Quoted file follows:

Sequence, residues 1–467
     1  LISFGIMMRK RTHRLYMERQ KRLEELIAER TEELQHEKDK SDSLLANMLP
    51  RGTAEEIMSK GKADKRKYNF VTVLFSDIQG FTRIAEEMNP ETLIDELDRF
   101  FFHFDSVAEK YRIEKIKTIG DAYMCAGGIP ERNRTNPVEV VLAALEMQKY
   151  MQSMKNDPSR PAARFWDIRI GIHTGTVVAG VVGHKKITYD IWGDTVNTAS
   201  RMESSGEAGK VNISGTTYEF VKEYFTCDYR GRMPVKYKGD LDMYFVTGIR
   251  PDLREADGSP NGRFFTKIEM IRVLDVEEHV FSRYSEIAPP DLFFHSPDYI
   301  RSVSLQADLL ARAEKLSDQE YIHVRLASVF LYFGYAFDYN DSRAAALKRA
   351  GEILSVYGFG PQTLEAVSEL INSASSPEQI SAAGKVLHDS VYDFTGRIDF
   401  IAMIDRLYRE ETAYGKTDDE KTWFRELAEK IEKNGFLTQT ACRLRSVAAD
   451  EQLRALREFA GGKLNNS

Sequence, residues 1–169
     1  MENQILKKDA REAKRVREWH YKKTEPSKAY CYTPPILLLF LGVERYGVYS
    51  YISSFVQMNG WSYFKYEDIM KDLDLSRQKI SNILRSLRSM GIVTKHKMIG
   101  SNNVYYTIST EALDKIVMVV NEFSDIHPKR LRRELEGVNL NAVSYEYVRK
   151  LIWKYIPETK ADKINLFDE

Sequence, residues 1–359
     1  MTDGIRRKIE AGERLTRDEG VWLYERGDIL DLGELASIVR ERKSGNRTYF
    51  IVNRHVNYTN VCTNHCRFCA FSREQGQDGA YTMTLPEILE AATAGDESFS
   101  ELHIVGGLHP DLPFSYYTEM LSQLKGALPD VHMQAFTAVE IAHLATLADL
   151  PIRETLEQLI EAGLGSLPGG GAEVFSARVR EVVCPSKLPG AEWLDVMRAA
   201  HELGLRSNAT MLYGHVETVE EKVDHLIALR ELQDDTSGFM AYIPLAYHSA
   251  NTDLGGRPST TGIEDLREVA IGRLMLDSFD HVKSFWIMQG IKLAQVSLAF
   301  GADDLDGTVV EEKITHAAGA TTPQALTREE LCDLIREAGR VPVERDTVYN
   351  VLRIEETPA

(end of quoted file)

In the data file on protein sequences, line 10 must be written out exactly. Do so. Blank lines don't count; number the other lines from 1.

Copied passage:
   401  IAMIDRLYRE ETAYGKTDDE KTWFRELAEK IEKNGFLTQT ACRLRSVAAD